Saturday, July 24, 2021

China Reverses 25-year ban on Rhino and Tiger Parts

Our Take

Animal cruelty is at its all time high. According to WWF’s Living Planet Report reveals that “humanity has wiped out 60% of wildlife since the 1970s.” It also says that “Earth is losing biodiversity at a rate seen only during mass extinctions.” And shockingly, just after the release of this report, Chinese government lifts the ban on Rhino and Tiger hunting. 

According to the Chinese government, they would allow the use of rhinoceros horns and tiger bones in medicine. The State Council, China’s cabinet, said in a policy directive that it would legalize the use of rhino horns and tiger bones for “medical research or in healing,” but only by certified hospitals and doctors, and only from rhinos and tigers raised in captivity, excluding zoo animals. No reason was given for the lifting of the ban, which was implemented in 1993. 

Under the special circumstances, regulation on the sales and use of these products will be strengthened, and any related actions will be authorized, and the trade volume will be strictly controlled.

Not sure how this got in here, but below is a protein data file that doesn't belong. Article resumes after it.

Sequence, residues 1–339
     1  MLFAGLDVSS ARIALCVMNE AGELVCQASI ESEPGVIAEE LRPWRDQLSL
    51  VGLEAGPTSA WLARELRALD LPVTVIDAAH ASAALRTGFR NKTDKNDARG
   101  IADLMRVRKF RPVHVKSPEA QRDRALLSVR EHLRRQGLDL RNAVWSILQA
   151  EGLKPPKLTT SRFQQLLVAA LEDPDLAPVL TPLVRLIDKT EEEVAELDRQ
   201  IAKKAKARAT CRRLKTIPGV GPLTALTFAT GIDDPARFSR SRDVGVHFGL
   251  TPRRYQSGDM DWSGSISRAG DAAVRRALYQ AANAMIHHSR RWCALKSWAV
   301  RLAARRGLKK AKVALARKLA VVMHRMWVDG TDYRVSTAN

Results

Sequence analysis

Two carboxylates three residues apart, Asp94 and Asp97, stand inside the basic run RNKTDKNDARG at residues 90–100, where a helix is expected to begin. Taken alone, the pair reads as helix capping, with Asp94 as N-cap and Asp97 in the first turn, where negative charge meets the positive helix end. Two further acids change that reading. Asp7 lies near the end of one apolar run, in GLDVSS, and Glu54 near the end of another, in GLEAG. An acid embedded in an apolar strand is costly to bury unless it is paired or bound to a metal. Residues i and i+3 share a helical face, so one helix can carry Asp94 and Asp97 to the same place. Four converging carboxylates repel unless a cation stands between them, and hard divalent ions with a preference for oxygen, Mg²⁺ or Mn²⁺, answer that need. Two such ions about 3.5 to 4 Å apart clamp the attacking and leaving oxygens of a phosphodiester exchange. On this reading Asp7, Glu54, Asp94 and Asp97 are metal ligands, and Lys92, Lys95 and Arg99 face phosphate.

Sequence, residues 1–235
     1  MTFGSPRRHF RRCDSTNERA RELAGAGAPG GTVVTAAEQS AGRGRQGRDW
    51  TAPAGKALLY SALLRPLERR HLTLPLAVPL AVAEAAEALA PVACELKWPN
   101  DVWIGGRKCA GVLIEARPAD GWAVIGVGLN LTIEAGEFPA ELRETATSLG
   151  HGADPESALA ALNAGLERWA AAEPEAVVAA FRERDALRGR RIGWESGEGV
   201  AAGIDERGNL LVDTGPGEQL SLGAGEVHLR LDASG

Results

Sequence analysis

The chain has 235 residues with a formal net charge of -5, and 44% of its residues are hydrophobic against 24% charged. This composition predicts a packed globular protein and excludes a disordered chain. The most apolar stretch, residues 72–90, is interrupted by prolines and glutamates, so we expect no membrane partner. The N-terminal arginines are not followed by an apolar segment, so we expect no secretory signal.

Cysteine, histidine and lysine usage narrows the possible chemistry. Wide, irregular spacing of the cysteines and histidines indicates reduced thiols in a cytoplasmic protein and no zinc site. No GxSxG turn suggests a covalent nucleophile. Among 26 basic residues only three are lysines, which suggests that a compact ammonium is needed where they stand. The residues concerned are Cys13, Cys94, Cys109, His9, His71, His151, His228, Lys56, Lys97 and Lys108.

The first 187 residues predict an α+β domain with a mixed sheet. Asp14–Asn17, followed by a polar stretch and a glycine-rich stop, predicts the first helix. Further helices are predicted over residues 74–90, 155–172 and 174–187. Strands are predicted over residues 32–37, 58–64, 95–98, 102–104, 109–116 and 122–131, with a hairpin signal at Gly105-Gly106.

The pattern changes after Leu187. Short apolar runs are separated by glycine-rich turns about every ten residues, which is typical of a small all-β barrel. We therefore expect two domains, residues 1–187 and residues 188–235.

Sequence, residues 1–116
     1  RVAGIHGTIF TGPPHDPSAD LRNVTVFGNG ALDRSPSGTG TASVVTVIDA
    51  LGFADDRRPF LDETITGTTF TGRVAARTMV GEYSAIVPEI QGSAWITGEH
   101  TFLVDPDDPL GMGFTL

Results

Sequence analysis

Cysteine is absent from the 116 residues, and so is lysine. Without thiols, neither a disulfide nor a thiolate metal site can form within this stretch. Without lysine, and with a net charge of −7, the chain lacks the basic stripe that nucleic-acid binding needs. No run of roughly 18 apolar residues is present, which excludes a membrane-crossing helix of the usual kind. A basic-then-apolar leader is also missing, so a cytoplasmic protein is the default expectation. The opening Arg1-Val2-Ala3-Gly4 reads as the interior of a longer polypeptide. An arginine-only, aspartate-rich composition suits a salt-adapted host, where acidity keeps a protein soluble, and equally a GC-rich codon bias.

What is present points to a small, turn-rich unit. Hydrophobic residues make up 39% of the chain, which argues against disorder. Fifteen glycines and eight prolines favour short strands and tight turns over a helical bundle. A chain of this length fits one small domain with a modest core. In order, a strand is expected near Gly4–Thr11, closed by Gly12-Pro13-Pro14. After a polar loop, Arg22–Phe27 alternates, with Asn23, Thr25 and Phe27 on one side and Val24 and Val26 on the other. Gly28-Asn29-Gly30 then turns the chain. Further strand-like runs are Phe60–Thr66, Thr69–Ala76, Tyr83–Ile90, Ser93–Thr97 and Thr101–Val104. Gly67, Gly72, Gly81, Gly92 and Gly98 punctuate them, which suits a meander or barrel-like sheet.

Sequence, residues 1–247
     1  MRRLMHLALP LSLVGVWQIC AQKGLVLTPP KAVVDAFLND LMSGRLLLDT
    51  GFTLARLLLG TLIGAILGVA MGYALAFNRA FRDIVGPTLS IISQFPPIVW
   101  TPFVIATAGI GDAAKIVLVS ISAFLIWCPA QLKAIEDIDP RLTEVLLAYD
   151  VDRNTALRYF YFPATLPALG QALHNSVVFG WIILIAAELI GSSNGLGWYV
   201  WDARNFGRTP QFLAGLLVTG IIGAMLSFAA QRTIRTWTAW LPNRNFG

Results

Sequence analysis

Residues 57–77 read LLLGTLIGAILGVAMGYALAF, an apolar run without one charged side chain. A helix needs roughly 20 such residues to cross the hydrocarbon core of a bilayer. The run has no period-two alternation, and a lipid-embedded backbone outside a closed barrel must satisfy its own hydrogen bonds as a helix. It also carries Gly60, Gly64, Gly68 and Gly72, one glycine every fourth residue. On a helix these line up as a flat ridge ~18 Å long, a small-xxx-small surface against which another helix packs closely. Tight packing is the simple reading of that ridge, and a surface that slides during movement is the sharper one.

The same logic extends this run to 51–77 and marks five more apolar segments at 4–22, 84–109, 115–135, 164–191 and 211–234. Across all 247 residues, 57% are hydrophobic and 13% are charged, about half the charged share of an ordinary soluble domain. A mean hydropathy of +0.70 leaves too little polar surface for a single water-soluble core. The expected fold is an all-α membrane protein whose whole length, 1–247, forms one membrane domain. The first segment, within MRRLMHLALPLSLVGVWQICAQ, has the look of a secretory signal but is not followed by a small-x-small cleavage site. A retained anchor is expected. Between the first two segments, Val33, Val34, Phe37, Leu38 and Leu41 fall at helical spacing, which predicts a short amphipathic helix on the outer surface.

Statement by the Chinese Government

Tiger bone and rhino horn are used in traditional Chinese medicine. There is hardly any scientific evidence for the effectiveness of them. Chinese demand for ivory is also blamed as a driver behind the slaughter of African elephants, despite Beijing banning all trade in ivory starting from this year.

Environmentalists said the decision would likely help fuel a black market for wild rhino and tiger parts, which are revered in traditional Chinese medicine for supposed healing powers, and could lead to increased poaching of the fewer than 30,000 rhinos and 3,900 tigers still in the wild.

“It’s a devastating decision,” said Leigh Henry, director of wildlife policy at the World Wildlife Fund in Washington. “I can’t overstate the potential impact.”

The announcement on Monday threatened to undermine President Xi Jinping’s efforts to promote an image of China as a responsible environmental steward capable of tackling global issues like climate change and air pollution.

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